Coffee: Good or Bad?
Coffee has long since been regarded as a relative pariah in the health and nutrition world. Newer research, however, suggests that your morning Americano may have some hidden health benefits.
Traditional roasted coffee has over 1,000 bioactive compounds, many of which contain therapeutic antioxidant, anti-inflammatory, anti-fibrotic, and anti-carcinogenic effects. In fact, most Americans get more antioxidants from coffee than any other dietary source. It has also been found that an individual’s genotype and gut microbiome determine the bioavailability and type of coffee metabolites the body is able to use which include caffeine, chlorogenic acids, and the diterpenes, cafestol, and kahweol.
Over the past decade, evidence has linked coffee to numerous health benefits. One more recent development is coffee’s positive effect on liver enzymes and the occurrence and recovery from liver diseases. In one study, 59 cases of liver cirrhosis related to alcohol were diagnosed and subjects who drank four or more cups of coffee per day had 80% less chance of developing liver cirrhosis than non- coffee drinkers. In a second study on the same group, it was also reported that coffee drinkers had 23% less chance of dying from liver cirrhosis than non-coffee drinkers. One thing worth noting, however, is while the studies accounted for alcohol consumption, none of them accounted for other cirrhosis risk factors like obesity and diabetes.
In another case-controlled study on hepatocellular carcinoma (HCC) patients, it was found that a lifetime of coffee consumption, at an average of 3 cups per day, was negatively associated with the development of this type of cancer at a rate of over 50%.
While research is still unclear on which of the many compounds found in coffee is responsible for its positive effect on the liver, one theory is regarding the metabolite paraxanthine found in caffeine which has been seen to defeat the synthesis of the connective tissue growth factor (CGTF). This mechanism has the potential to slow the progress of the liver fibrosis, liver cancer, and alcoholic cirrhosis. Coffee’s two natural compounds, cafestol and kahweol, are also thought to be those that possess anti-carcinogenic properties.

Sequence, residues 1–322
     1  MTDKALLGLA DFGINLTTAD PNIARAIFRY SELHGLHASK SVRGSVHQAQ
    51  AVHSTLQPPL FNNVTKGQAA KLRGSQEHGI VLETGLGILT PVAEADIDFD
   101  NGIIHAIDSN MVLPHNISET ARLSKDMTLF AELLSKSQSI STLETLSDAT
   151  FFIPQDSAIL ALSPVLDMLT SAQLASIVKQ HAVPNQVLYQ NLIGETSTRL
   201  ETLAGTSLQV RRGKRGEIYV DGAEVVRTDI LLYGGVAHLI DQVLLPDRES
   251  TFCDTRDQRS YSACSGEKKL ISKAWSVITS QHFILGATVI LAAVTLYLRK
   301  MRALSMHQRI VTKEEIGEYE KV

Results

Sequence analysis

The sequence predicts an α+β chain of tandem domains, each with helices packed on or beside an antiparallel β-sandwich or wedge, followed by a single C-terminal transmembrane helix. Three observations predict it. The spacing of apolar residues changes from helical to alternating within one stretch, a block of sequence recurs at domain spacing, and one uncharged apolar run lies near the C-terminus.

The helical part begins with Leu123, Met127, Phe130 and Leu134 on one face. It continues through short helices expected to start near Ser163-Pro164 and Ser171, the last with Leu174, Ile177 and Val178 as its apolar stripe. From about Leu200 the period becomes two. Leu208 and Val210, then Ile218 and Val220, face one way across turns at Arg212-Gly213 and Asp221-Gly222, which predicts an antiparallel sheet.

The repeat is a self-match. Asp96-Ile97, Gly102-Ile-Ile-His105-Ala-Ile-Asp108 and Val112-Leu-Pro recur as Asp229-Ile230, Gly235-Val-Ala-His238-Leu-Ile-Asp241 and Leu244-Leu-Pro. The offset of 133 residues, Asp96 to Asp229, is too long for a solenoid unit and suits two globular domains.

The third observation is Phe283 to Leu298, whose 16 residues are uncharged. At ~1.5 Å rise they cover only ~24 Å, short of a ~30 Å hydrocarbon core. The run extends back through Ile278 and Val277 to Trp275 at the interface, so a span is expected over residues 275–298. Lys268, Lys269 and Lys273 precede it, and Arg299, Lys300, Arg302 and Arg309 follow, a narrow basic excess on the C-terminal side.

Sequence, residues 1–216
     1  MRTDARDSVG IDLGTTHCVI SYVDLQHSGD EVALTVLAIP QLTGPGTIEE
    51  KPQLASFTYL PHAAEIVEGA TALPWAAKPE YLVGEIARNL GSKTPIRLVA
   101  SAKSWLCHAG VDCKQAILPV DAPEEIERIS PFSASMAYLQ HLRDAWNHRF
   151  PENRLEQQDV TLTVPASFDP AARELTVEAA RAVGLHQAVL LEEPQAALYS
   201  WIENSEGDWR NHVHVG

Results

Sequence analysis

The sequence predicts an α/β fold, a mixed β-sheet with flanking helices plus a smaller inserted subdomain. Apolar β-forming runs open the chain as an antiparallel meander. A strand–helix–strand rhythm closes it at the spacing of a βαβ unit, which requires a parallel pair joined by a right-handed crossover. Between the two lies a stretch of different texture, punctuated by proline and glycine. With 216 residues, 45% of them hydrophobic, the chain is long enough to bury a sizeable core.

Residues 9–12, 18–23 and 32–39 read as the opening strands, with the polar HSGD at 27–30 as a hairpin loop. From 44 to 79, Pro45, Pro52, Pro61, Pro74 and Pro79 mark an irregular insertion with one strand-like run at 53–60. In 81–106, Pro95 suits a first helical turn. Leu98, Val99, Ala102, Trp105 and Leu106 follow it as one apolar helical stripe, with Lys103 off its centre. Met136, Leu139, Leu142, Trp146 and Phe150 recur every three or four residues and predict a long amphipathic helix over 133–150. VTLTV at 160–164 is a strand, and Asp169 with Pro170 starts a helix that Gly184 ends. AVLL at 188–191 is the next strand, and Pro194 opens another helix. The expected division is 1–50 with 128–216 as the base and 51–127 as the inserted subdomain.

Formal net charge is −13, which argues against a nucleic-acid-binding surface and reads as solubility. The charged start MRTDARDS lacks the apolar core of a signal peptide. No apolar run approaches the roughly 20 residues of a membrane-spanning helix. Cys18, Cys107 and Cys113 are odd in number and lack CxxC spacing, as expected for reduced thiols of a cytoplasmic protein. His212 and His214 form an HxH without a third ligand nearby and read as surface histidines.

Another interesting finding regarding moderate coffee consumption is the increase in plasma glutathione. Glutathione is known as one of the most important antioxidants found in the body which plays an important role in cellular defense against oxidative damage. The increase in glutathione levels brought on by drinking coffee may be the mechanism responsible for its rejuvenating effects on the liver.
So, ready to give coffee another try? Here are a few tips on how best to incorporate coffee into your routine:
- Coffee is best consumed before 2 pm, this will stop caffeine from interfering with sleep patterns which can alter health benefits.
- Try to get used to drinking your coffee black or add unsweetened nut milk. MCT oil can also be added to coffee and blended for a “latte” like feel. Regardless of how you choose to take it, make sure your coffee is free of added sugar and artificial sweeteners.
- Choose a well-sourced coffee, preferably organic, to cut down on added toxins that may negate health benefits. Purity coffee is a great option due to their rigorous purity standards. Thrive Market and Bulletproof coffees are additional high-quality options.
- Because caffeine is a diuretic and can throw off electrolyte balance, aim for no more than 1-2 cups per day for maximum benefits.
Who should avoid coffee?
- Those suffering from GI complaints or problems with gut lining integrity. Coffee is a gut irritant due to its acidity and may hinder gut healing. Caffeine can also loosen the lower esophageal sphincter which can lead to symptoms of acid reflux.
- Individuals with histamine intolerance. The caffeine found in coffee results in the body releasing more glutamate which then stimulates the release of histamine. Mycotoxins such as Ochratoxin A and Aflatoxin can also be found in many commercial coffee’s which can add to histamine-related symptoms.
- Individuals with anxiety and trouble with sleep. Caffeine has a stimulating effect and has been shown in studies to increase symptoms of anxiety and alter cortisol response. Caffeine is also cleared from the body at different rates based on many factors including genetics. Because of this, people who suffer from sleep disturbances, stress or anxiety, should not drink caffeinated coffee.